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Title: How might a ‘poetics of rescue’ inform contemporary biographical practice?
Author: Ducker, Christy Lynne
ISNI:       0000 0004 7224 3749
Awarding Body: University of Newcastle upon Tyne
Current Institution: University of Newcastle upon Tyne
Date of Award: 2015
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This thesis examines, in theory and practice, how a 'poetics of rescue' might inform a contemporary biography of Grace Darling. The guiding philosophical principle is Hans-Georg Gadamer's humanist 'fusion of horizons'. This principle informs the research methodology, which tacks between the 'shores' of past and present, subject and object, foreign and familiar. Correspondingly, this hermeneutic 'play' suggests a poetics of retrieval. Key to that poetics is metaphor, and the creative possibilities afforded by an exchange between 'homeland' and 'Other'. The guiding image throughout is that of sea rescue, an image key to the life of Darling herself. The thesis blends critical commentary and poems into one text. This is intellectually consistent with the research methodology, and the creative element: the aim throughout is to close distances, 'fuse horizons' and engage in dialogue rather than definition. The blended style invites readers to 'play' between conventional academic discourse and creative writing. Chapter 1 shows how hermeneutics might inform the methodology of humanist biography. The discussion centres on prejudice and tradition, and how these factors influence biographical research and writing. This chapter also engages with the comparative biography of Darling, challenging past biographers' claims to have written 'definitive' versions. Chapter 2 focuses on museum and archive materials, and how these began to generate the abecedary sequence, 'Grace Darling's ABC'. This chapter considers the role of the curator, and how this parallels the role of the biographer. Theories of museology and display culture give rise to the beginnings of a poetics of biography. Chapter 3 illustrates this poetics more fully, with metaphor and metonymy being key to the discussion. This chapter makes a case for poetry-biography as a 'U.L.O.', an Unidentified Literary Object whose form acknowledges multiple realities. In conclusion, this thesis suggests that genre and biography, and perhaps even academic discourse, need to shape-shift if they are to remain effective.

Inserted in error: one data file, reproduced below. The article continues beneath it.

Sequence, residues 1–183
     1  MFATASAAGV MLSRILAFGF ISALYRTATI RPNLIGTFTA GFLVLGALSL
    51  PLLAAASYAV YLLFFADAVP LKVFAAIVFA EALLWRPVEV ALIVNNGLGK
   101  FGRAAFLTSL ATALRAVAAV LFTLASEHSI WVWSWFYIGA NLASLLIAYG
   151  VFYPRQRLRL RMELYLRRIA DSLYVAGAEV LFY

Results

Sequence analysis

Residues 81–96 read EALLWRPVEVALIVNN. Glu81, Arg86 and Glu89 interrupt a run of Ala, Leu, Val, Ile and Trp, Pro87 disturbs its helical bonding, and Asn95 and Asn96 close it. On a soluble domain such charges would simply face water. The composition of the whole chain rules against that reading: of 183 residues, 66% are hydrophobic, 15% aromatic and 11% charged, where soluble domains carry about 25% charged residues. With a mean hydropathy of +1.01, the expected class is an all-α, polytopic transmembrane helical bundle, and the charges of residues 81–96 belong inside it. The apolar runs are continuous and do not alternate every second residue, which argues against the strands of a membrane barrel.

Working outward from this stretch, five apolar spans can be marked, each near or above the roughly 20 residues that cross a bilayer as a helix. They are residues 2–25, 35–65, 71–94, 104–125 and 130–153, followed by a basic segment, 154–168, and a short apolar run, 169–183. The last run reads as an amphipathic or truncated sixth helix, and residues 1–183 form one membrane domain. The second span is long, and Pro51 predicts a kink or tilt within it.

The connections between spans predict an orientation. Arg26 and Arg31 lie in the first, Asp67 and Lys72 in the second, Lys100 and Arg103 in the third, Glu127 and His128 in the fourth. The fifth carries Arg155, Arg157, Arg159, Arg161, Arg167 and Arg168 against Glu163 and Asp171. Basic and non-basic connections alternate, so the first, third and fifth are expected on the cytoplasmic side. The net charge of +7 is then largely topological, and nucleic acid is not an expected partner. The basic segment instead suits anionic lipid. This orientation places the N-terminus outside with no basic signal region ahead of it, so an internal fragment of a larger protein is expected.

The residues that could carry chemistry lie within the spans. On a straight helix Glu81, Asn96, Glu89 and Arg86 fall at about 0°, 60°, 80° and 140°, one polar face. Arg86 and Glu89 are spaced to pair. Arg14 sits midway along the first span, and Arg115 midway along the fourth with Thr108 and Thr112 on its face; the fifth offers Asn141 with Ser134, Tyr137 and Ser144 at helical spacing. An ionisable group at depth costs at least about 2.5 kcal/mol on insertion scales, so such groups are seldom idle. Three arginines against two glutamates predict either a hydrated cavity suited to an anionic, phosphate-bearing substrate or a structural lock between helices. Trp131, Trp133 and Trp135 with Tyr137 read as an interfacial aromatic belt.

Supervisor: Not available Sponsor: Not available
Qualification Name: Thesis (Ph.D.) Qualification Level: Doctoral
EThOS ID:  DOI: Not available